We commend you, sir, to the protection of Almighty God, earnestly beseeching Him long to preserve a life so valuable and dear to the people of the United States, and that your Administration may be prosperous to the nation and glorious to yourself.

May 7, 1789

Address of the House of Representatives

SIR: The Representatives of the people of the United States present their congratulations on the event by which your fellow-citizens have attested the preeminence of your merit. You have long held the first place in their esteem. You have often received tokens of their affection. You now possess the only proof that remained of their gratitude for your services, of their reverence for your wisdom, and of their confidence in your virtues. You enjoy the highest, because the truest, honor of being the first Magistrate by the unanimous choice of the freest people on the face of the earth.

We well know the anxieties with which you must have obeyed a summons from the repose reserved for your declining years into public scenes, of which you had taken your leave forever. But the obedience was due to the occasion. It is already applauded by the universal joy which welcomes you to your station. And we can not doubt that it will be rewarded with all the satisfaction with which an ardent love for your fellow-citizens must review successful efforts to promote their happiness.

This anticipation is not justified merely by the past experience of your signal services. It is particularly suggested by the pious impressions under which you commence your Administration and the enlightened maxims by which you mean to conduct it. We feel with you the strongest obligations to adore the Invisible Hand which has led the American people through so many difficulties, to cherish a conscious responsibility for the destiny of republican liberty, and to seek the only sure means of preserving and recommending the precious deposit in a system of legislation founded on the principles of an honest policy and directed by the spirit of a diffusive patriotism.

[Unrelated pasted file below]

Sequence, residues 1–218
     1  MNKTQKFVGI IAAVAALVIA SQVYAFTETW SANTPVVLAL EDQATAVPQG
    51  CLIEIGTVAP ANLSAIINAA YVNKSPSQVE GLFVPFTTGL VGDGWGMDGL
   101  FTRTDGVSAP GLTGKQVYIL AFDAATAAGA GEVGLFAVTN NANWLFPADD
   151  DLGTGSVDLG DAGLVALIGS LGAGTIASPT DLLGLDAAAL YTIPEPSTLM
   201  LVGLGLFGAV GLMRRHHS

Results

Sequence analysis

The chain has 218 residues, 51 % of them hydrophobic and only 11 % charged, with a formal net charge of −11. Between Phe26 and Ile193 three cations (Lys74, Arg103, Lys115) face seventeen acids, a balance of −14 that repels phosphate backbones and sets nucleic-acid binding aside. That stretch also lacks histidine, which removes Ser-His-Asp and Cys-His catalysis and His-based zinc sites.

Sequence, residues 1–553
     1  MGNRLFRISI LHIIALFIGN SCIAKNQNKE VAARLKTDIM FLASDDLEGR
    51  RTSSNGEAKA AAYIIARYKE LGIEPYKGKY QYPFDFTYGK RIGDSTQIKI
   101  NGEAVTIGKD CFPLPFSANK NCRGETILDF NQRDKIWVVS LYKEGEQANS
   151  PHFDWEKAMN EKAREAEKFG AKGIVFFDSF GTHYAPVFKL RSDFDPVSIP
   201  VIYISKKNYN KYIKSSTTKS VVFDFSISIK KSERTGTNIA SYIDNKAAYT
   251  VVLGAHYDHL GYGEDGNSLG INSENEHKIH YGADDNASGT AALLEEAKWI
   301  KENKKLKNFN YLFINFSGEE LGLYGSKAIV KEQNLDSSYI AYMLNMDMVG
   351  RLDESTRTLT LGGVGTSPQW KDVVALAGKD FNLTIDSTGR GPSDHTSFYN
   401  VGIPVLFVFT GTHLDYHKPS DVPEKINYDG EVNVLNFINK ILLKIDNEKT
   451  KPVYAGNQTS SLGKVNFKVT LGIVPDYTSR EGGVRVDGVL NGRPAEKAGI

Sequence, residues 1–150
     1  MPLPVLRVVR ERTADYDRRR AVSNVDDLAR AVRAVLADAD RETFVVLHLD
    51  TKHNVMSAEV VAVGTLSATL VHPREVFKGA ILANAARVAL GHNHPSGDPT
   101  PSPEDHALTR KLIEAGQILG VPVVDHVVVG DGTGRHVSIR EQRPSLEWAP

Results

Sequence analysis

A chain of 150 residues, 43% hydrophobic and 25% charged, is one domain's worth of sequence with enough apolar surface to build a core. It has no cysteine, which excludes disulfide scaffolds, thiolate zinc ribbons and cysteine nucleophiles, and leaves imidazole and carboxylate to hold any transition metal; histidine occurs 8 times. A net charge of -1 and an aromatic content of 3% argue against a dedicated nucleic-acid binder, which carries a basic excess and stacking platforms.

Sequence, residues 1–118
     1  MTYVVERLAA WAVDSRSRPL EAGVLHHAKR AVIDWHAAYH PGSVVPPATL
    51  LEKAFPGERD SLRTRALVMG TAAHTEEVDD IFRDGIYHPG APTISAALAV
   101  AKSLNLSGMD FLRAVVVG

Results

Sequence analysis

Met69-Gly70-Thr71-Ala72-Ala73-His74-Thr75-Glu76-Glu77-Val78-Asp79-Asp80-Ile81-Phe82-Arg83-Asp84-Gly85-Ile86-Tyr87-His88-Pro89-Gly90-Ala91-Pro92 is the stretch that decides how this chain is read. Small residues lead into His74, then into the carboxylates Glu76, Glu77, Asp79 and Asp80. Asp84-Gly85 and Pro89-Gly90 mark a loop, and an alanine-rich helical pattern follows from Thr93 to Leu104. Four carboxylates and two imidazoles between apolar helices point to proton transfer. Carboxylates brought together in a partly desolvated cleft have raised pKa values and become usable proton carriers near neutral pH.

The question arising out of the fifth article of the Constitution will receive all the attention demanded by its importance, and will, we trust, be decided under the influence of all the considerations to which you allude.

In forming the pecuniary provisions for the executive department we shall not lose sight of a wish resulting from motives which give it a peculiar claim to our regard. Your resolution, in a moment critical to the liberties of your country, to renounce all personal emolument, was among the many presages of your patriotic services which have been amply fulfilled; and your scrupulous adherence now to the law then imposed on yourself can not fail to demonstrate the purity, whilst it increases the luster, of a character which has so many titles to admiration.

Such are the sentiments which we have thought fit to address to you. They flow from our own hearts, and we verily believe that among the millions we represent there is not a virtuous citizen whose heart will disown them.

All that remains is that we join in our fervent supplications for the blessings of heaven on our country, and that we add our own for the choicest of these blessings on the most beloved of her citizens.

May 5, 1789


Website: The History
Article Name: Address of The Senate and House of Representative to George Washington, President of the United States. 1789
Researcher/Transcriber Miriam Medina


BIBLIOGRAPHY: From my collection of books: A Compilation of the Messages and Papers of the Presidents 1789-1897 by James D. Richardson, A Representative from the State of Tennessee published by the authority of Congress 1899.